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Tendulkar evokes memories of 1992

The strokeplay was majestic and the approach worlds removed from the hesitancy that coloured Sachin Tendulkar's innings at times over the past couple of years

Cricinfo staff

Sachin Tendulkar's pick-up over midwicket off Cameron White was a damning verdict on the paucity of Australia's slow-bowling resources in the post-Warne era © Getty Images
At times you could have fooled yourself into thinking that it was the irrepressible teenager of Perth 1992 vintage batting, and not the 35-year-old veteran who was supposed to be on his last legs. The strokeplay was majestic and the approach worlds removed from the hesitancy that coloured Sachin Tendulkar's innings at times over the past couple of years.
The situation when he walked in was hardly that in which to unleash a fusillade of shots. At 27 for 2, he might even have been reminded of the bad old days, when the batting rode on his shoulders, especially away from home at venues like the MCG and Edgbaston. These days though, the line-up around him is far more robust and the freedom he batted with today was that of a man determined to enjoy a final flourish in the game that he has illuminated for so long. Even when India were under siege in the first session, there was safety in the thought that Mahendra Singh Dhoni, Man of the Match in Mohali a week ago, was pencilled in at No.7.
Brett Lee had already been taken off by the time Tendulkar emerged to raucous cheers, but Mitchell Johnson was bowling just as quick in his place. One bouncer whizzed past his helmet at 151 km/hr but if that was meant to intimidate, it had little effect. A couple of balls later, he was on tiptoe and striking the ball through point, much as he had done at the WACA all those years ago.
Johnson tried to tempt him into the sort of airy drive that Rahul Dravid had perished to, but the bait was never nibbled. For 20 balls, Tendulkar was in watchful mode, intent on seeing off the challenge of Australia's premier fast bowlers. Only when Johnson started to err on the short side did he start to open up, first tucking one off the hips past square leg and then lashing one through the fielder at point.
Lee was the culprit on that occasion, and Ricky Ponting turned to him a quarter of an hour before lunch. It was a crucial passage of play. Had Australia picked up a wicket then with the run-rate still well below three, the game might have turned. Instead, Lee was greeted with the most sumptuous of cover-drives. Lee continued to bowl quick and full, but Tendulkar either guided the ball into the off side, or played it straight back. There was no hint that the eyesight or reflexes have faded, no sign of a batsman on the wane.
The contest within a contest continued right after lunch, with Lee charging in as he had to dismiss Virender Sehwag earlier in the morning. Earlier this year, in the CB Series in Australia, Tendulkar had decided to use Lee's pace to bunt the ball over the slip cordon. It was a stroke he unfurled to telling effect in Bloemfontein in 2001, but this was Lee, the quickest bowler in the world, in the quintessential Test match battle of our times, Australia against India.
Such labels clearly meant nothing to him because the third ball after lunch nearly went over third man for six. Once again, he had rocked back, arched his spine like a gymnast and twirled the wrists to devastating effect. The score was still modest, 71 for 2, but a massive statement had been made. The unerringly accurate Stuart Clark was then thumped behind point for four more, before Lee responded the way fast bowlers do. The straight, quick bouncer would have parted Tendulkar's hair if he hadn't been wearing a helmet, but all he did was drop the wrists and sway out of harm's way.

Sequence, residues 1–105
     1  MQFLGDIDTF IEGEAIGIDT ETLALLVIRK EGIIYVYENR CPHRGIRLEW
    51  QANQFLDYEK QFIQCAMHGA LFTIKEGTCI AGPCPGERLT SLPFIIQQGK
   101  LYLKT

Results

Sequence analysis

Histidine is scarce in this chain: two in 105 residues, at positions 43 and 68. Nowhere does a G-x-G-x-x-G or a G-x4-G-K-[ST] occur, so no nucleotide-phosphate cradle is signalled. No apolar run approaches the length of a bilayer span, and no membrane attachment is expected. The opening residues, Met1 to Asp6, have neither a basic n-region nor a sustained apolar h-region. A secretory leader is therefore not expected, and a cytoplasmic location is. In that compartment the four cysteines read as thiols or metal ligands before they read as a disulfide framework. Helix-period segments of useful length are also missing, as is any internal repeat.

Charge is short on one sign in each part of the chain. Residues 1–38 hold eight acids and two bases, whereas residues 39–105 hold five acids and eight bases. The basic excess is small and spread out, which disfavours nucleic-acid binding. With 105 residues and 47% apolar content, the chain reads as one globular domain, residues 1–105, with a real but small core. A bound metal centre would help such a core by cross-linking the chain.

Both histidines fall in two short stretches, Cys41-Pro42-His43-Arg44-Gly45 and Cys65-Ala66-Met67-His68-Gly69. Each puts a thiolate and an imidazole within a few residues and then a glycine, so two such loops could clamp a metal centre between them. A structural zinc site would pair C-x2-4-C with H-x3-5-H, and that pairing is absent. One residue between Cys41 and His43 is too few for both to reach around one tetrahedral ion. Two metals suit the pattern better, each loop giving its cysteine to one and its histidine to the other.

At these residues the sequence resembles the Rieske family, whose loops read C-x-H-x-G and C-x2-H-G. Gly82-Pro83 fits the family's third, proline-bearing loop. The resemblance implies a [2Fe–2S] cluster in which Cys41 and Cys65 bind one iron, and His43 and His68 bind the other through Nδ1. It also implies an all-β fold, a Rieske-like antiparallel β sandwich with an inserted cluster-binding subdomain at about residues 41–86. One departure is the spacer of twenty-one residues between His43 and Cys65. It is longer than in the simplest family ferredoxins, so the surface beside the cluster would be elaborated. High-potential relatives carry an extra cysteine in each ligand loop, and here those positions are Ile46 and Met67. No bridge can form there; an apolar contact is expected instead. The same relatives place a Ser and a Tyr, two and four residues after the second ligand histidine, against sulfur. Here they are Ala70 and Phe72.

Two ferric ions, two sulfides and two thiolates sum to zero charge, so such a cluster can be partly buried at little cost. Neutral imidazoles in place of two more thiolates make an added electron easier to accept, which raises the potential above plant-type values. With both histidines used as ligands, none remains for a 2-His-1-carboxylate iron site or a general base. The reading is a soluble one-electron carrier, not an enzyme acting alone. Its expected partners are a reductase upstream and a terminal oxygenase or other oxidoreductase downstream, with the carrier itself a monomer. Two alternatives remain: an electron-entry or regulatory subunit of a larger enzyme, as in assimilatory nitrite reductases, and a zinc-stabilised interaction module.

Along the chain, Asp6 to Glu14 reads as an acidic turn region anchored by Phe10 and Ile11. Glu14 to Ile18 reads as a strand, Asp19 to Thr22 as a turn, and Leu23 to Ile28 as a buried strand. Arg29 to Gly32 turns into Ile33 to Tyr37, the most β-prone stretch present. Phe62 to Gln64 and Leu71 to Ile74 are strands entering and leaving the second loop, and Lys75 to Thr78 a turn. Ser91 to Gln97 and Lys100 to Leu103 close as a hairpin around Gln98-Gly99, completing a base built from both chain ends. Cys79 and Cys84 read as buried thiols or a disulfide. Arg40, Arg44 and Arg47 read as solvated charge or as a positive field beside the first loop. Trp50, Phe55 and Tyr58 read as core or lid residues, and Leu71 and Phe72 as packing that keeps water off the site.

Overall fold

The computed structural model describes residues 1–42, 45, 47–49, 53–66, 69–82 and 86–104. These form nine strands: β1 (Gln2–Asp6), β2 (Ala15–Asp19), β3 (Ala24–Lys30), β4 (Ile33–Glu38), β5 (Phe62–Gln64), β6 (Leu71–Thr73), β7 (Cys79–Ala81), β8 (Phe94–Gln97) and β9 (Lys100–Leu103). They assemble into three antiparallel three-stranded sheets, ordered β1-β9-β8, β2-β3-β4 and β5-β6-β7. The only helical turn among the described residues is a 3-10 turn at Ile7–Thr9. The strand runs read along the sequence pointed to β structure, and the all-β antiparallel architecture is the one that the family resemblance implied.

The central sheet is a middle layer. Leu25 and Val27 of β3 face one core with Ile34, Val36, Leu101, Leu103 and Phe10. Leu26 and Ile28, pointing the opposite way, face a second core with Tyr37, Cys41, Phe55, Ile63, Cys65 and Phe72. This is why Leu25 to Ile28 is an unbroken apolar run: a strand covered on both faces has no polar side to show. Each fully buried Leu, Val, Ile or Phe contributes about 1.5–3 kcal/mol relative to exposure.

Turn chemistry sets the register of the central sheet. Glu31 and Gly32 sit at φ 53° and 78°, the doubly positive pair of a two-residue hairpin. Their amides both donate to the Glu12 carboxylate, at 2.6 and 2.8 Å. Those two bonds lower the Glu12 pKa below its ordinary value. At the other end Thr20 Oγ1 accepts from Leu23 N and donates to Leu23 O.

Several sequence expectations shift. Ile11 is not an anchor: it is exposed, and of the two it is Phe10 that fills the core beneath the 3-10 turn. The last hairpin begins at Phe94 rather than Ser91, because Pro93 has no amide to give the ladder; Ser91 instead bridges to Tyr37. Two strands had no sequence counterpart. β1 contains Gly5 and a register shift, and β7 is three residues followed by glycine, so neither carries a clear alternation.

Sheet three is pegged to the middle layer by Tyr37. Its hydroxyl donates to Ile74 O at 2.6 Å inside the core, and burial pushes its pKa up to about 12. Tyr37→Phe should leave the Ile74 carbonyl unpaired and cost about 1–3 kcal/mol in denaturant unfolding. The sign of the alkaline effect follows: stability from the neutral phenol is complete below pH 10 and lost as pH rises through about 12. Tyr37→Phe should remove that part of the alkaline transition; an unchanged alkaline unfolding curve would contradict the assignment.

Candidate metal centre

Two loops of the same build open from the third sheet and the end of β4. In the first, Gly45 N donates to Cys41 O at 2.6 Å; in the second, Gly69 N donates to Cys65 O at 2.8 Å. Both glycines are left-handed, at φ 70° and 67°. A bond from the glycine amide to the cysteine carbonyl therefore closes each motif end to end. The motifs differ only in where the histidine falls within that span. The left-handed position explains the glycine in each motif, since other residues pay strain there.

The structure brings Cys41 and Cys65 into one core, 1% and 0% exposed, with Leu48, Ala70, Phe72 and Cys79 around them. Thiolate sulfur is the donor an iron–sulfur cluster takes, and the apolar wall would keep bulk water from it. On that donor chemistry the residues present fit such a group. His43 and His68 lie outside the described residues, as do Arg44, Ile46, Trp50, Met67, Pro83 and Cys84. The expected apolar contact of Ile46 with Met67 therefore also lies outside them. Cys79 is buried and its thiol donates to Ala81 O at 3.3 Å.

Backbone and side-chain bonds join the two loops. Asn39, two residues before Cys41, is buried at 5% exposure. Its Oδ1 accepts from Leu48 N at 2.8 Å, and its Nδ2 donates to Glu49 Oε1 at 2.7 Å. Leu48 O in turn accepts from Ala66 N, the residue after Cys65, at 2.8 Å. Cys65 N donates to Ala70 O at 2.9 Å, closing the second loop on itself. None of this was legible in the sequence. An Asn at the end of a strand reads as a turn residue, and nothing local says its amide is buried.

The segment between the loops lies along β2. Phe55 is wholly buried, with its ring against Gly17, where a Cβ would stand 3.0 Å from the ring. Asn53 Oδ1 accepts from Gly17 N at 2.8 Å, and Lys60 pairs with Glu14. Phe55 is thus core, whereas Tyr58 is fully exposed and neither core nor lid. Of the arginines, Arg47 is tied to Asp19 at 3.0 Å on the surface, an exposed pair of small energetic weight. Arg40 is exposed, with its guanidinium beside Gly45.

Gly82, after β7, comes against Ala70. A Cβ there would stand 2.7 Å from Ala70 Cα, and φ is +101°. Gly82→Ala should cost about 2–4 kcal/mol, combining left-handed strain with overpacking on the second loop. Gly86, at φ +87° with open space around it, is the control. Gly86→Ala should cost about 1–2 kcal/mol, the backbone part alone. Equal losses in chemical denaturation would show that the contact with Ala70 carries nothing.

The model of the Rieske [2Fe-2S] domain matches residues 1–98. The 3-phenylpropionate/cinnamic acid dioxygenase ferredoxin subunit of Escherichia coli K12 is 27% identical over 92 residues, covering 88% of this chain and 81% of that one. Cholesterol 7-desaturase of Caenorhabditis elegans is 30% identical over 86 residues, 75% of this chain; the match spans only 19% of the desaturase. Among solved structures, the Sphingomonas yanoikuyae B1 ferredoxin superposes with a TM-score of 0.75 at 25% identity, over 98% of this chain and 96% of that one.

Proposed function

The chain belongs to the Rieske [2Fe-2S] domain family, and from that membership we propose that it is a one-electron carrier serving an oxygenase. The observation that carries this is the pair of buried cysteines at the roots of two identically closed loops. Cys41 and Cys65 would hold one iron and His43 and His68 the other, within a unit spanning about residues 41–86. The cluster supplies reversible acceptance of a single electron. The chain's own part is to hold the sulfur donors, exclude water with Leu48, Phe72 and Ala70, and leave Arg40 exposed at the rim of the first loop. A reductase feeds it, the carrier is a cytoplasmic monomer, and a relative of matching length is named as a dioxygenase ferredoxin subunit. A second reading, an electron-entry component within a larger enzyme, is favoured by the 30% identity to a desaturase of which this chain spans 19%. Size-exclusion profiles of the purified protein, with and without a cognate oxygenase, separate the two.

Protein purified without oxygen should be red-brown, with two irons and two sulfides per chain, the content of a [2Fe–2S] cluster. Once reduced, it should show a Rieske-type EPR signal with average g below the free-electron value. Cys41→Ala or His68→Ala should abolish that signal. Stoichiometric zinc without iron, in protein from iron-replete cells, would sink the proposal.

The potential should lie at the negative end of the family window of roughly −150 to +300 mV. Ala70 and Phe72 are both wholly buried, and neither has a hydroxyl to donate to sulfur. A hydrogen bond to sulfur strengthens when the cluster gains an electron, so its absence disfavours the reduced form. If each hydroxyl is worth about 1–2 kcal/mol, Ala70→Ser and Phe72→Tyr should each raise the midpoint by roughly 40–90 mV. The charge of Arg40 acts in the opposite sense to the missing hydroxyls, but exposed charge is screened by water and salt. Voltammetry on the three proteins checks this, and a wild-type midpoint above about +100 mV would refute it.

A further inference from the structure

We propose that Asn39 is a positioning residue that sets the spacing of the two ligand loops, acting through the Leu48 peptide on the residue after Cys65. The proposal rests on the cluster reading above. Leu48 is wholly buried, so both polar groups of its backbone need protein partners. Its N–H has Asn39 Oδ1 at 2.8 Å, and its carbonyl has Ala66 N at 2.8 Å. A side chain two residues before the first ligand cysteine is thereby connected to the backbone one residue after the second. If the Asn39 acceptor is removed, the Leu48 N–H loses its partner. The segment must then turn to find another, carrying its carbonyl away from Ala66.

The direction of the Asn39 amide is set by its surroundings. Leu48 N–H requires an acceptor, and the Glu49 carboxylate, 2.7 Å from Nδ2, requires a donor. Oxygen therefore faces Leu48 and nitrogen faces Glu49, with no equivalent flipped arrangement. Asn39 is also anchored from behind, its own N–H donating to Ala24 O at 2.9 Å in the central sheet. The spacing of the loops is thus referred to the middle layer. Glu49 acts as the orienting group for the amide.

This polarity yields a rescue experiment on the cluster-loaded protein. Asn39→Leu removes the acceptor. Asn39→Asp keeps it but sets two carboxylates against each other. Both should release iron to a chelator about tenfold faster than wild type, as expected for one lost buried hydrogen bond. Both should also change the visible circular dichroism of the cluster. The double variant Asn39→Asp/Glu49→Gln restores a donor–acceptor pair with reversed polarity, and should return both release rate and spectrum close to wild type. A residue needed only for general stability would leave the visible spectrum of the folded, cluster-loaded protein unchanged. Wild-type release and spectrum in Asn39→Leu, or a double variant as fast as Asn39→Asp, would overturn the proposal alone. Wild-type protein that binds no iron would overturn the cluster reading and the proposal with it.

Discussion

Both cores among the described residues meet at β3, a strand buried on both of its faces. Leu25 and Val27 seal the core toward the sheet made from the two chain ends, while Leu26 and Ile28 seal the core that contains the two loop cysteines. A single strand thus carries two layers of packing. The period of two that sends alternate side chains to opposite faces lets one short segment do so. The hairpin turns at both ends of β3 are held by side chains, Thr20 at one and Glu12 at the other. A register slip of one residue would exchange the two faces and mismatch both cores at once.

Sachin Tendulkar's innings ended with a false shot but not before the momentum had shifted inexorably in India's favour © Getty Images
His riposte was far more damaging, a whiplash square of the wicket that got to the ball boys before anyone in the off side cordon had even moved a couple of feet. When Lee subsequently searched for the yorker, Tendulkar drove in classical fashion to the man at midwicket. More than Lee's raw pace, it was Clark's accuracy that troubled him most, with one superb leg-cutter almost kissing the outside edge on its way to Brad Haddin.
There were still moments to drive the bowler to distraction though. There was little wrong with the delivery that Clark bowled to him when he was on 46, but Tendulkar merely waited on it as though it were a loopy leg break and then cut it fine for four. Soon after, the field changed to 7-2, but rather than be tempted into the shot across the line, he chose the path of discretion.
Cameron White was initially viewed with similar suspicion, but once a gorgeous on-drive off Clark had loosened the shackles, Ponting's first punt at spin was made to look foolish. When White tossed one up fairly wide, he pounced to drive it past extra-cover, and the pick-up over midwicket that followed was a damning verdict on the paucity of the slow-bowling resources in Australian cricket's post-Warne era.
After Johnson and Watson tied him down for a while, it all ended with a false stroke, but by then the momentum had shifted inexorably in India's favour, with Gautam Gambhir trading circumspection for aggression. Tendulkar has scored nine hundreds against Australia, and as a result half-centuries don't really linger too long in the memory. This little gem though should have a special place in the collection, right up alongside the one in Adelaide , when he launched into Glenn McGrath after the previous evening's monastic denial, and the minor masterpiece in Mumbai , when he and Laxman batted sublimely on a minefield to transform a match that had been within Australia's grasp. Even for the masters, centuries aren't everything.